Tuesday, October 3, 2023


February 23, 2020 by · Leave a Comment 

After the feelgoodiness of My Salinger Year, which opened the 70th edition of the Berlin Film Festival out of competition last week, the festival has now screened an unadulterated art film, Volevo nascondermi, — beautiful, magnificently acted, and as impressionistic and confusing as its subject, the Swiss/Italian artist Antonio Ligabue. You say you have never heard of Ligabue? Well, the cognoscenti of the art world certainly have, and in fact this is the second film biography about him. This one constitutes a collage of scenes about Ligabue’s life, with little or no conventional narrative. We are offered only glimpses of his horrendous childhood in which he is taunted, bullied, ridiculed and, literally driven mad, finally escaping to a feral existence as an adult until his paintings — they are described as “naïve” in the language of the art world, meaning they are the work of an unschooled creator –receive some unexpected admiration from noted artists and critics. Exhibitions of his paintings, which follow, bring him fame and wealth but clearly not mental health. He spends his money on motorcycles and cars, and when he attempts to woo a woman he has painted, her mother drives him away. All of this is told in disconnected flashes. We are allowed only glimpses of Ligabue’s paintings — and perhaps for good reason; the lay beholder may well wonder what all the to-do over his work was all about.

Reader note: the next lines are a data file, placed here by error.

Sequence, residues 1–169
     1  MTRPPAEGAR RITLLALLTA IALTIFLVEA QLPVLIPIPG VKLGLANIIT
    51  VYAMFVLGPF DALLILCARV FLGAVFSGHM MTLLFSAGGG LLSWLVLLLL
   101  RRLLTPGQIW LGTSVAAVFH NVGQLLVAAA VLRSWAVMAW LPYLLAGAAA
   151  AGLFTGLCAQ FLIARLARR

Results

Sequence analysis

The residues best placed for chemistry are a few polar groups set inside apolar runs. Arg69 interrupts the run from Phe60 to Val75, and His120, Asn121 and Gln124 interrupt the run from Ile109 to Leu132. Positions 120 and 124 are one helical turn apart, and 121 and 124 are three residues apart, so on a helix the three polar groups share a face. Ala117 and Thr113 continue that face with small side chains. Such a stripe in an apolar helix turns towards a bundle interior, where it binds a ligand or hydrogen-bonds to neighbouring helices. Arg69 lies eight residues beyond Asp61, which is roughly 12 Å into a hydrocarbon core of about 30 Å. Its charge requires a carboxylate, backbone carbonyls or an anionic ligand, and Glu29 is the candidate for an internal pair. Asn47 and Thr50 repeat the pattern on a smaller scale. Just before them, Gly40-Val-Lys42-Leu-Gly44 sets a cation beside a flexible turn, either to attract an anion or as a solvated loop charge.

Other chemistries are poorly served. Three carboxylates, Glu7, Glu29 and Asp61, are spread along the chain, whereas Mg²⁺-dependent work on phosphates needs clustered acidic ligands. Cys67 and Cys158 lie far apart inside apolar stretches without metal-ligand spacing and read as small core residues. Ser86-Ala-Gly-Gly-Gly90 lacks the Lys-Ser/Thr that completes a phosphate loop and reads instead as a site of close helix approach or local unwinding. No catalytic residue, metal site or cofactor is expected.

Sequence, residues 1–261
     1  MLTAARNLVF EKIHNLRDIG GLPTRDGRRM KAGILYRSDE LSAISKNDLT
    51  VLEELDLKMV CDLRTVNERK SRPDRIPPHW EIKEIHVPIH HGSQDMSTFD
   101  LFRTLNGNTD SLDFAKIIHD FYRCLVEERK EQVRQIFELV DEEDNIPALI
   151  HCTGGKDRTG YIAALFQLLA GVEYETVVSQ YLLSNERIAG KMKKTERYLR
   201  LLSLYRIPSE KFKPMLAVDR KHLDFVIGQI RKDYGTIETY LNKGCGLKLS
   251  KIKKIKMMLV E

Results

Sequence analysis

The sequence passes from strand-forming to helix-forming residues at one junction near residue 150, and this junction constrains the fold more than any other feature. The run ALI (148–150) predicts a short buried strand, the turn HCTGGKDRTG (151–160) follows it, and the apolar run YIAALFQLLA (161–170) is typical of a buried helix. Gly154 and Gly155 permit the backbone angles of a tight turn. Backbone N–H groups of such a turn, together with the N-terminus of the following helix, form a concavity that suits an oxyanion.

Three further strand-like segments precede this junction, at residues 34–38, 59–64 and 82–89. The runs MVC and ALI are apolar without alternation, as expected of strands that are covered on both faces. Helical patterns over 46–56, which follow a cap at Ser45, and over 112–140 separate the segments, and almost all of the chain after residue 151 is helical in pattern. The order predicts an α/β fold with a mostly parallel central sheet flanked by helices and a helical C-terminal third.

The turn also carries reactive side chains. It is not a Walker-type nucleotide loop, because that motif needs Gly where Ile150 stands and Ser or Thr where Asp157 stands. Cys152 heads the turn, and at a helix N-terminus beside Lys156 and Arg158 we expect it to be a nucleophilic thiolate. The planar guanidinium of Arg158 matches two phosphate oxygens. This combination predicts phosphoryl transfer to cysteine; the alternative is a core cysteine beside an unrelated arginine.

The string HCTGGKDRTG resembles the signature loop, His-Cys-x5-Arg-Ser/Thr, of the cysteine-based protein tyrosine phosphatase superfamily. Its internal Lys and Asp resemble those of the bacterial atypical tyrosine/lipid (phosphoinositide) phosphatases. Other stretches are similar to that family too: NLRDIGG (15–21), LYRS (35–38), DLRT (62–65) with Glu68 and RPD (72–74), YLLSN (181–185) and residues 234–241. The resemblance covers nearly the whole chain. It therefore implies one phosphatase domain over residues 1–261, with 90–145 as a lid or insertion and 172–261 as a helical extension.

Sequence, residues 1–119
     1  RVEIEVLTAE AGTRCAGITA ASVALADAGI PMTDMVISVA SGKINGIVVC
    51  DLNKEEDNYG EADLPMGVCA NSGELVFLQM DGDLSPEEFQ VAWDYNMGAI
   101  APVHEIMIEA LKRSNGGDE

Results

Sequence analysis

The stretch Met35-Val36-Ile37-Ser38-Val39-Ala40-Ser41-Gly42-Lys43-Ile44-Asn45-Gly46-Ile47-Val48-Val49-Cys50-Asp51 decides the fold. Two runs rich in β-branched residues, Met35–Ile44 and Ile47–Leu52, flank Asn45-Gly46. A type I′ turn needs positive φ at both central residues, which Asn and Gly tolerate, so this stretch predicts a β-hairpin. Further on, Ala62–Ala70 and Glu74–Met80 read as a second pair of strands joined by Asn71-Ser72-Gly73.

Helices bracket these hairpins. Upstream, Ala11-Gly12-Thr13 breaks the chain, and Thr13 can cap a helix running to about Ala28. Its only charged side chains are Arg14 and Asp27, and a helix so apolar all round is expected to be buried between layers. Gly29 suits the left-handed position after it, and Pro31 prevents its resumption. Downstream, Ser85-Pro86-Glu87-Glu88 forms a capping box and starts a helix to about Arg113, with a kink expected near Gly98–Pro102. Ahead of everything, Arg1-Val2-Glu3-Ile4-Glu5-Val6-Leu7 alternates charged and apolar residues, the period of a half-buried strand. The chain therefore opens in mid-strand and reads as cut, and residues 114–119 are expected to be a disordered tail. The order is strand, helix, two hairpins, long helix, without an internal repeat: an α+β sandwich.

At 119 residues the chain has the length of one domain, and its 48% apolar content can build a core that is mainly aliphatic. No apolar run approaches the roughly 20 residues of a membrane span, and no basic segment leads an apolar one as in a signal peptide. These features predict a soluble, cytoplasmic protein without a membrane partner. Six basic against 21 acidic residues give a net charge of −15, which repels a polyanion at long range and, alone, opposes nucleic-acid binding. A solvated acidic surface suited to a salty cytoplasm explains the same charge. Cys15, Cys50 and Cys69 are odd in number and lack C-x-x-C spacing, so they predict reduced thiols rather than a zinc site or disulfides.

Ligabue Painting

Reviews of the film at the Berlinale have been mixed. Debora Young in the Hollywood Reporter described it as “ambitious and impressive” and gave high praise to actor Elio Germano, who stars as Ligabue. “Germano,” she wrote, “is an extremely extroverted actor who bides his time brooding in the artist’s pent-up psyche until he can explode in violent grief or rage, and these are the scenes that characterize his portrait of the artist on the fringes.” But Jay Weissberg in Variety suggested that Germano’s portrait may be drawn too prominently, so that the film becomes “more a record of a performance than a satisfying cinema experience.” Peter Bradshaw in Britain’s Guardian predicted that Germano will surely be among the candidates for the festival’s best-actor award. As for the film itself, he wrote, it “is like eating a rich and heavy meal, which is delicious a lot of the time.” But, for many, it may be hard to digest.